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COVID-19 variant will soon arrive in Ohio according to Chief Medical Officer Dr. Bruce Vanderhoff

Ohio Chief Medical Officer Dr. Bruce Vanderhoff discussed the new COVID-19 variant at Gov. Mike DeWine's press briefing on Tuesday.

Last week, a new, more contagious coronavirus (COVID-19) variant that was first discovered in the United Kingdom was found in Colorado.

RELATED: More coronavirus coverage from WKYC

And while the B.1.1.7 variant has yet to be found in Ohio, the state's Chief Medical Officer said it's not a matter of "if" but rather "when" it will be.

"This new variant has reached the United States and will undoubtedly soon reach Ohio too," Ohio Chief Medical Officer Dr. Bruce Vanderhoff said during Governor Mike DeWine's press briefing on Tuesday.

While Dr. Vanderhoff said that it's far from uncommon for a virus to mutate, he did note that this variant was worth monitoring. In particular, because the new variant is more contagious, it could lead to more people becoming infected.

"When we think about any virus, we have to remember that it is usual for viruses to change over time through a process called mutation," Dr. Vanderhoff said. "Most of these virus variants aren't very important because they don't actually change the behavior of the virus and many of them just disappear.

"The new U.K. variant of the virus known as variant B.1.1.7 that's been in many news reports is notable because it appears to be more contagious than other variants. However, it doesn't appear to be more severe, it doesn't appear to affect people who are already immune. Nevertheless, a more contagious virus worries us because it could lead to more people getting sick, more people getting hospitalized, ultimately, more people dying."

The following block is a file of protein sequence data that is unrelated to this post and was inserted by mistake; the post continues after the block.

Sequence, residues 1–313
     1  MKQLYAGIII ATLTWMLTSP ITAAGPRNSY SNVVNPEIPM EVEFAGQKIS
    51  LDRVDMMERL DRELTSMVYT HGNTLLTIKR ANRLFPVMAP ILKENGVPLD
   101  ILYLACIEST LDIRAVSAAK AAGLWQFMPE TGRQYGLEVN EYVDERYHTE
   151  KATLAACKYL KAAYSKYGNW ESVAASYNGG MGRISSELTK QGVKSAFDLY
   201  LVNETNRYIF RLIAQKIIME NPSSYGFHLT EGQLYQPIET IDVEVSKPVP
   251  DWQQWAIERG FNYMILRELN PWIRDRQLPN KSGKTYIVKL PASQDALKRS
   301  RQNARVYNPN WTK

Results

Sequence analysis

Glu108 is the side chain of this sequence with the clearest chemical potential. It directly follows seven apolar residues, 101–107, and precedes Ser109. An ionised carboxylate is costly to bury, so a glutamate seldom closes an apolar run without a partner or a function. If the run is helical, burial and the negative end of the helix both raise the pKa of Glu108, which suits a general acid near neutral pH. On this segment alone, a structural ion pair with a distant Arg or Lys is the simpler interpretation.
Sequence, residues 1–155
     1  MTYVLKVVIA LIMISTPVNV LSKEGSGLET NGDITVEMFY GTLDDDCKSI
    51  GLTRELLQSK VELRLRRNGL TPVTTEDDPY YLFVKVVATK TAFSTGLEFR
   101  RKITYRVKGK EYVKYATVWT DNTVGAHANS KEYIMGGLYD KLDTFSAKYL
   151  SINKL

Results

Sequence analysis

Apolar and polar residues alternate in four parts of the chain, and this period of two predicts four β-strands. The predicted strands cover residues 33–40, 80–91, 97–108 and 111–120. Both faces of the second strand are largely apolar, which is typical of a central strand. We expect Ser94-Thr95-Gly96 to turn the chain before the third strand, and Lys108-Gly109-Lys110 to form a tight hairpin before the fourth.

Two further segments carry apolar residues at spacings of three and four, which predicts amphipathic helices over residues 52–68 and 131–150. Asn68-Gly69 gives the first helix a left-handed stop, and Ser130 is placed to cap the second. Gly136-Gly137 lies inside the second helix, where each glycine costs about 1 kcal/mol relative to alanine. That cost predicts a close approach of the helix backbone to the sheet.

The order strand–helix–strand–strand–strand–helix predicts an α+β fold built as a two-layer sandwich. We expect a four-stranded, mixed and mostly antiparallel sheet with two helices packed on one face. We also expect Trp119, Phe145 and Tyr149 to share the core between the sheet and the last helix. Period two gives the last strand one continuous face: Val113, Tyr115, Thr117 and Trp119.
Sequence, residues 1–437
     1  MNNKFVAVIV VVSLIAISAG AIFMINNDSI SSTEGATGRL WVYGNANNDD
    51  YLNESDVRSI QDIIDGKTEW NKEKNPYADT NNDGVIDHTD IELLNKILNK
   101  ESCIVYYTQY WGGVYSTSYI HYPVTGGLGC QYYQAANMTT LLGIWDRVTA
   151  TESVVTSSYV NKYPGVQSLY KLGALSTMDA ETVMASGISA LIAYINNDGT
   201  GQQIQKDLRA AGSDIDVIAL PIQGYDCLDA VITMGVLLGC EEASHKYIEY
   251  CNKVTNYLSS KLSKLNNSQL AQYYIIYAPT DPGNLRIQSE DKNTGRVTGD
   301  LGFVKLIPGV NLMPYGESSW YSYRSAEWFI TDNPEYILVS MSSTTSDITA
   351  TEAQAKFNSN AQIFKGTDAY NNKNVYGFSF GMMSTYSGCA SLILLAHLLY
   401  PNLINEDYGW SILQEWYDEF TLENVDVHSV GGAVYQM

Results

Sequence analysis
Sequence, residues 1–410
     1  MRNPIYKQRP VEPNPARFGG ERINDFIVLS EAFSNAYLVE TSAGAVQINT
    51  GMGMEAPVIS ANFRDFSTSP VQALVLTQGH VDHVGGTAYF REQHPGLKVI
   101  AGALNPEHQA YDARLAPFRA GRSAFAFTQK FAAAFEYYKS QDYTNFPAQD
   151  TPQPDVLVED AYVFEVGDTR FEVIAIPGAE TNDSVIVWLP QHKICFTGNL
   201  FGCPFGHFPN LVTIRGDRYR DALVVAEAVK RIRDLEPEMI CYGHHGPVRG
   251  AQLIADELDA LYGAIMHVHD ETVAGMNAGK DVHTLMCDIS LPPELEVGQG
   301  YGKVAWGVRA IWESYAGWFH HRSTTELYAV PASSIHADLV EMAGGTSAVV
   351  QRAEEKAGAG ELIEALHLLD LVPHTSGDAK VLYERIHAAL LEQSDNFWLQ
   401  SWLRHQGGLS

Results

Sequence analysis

As a result, Dr. Vanderhoff stressed the need for people to continue to take the COVID-19-related safety precautions that have been touted since the start of the pandemic last year.

"Its appearance reinforces the importance of our efforts to prevent the spread of COVID -- the safety measures and our vaccines," he said. "Wearing masks, staying at least six-feet apart, avoiding crowds and frequent hand-washing. They'll all work against this new variant. And of course, vaccination, which we remain confident will cover this strain very nicely is also very important."

You can watch Gov. DeWine's full press briefing in the video player below.


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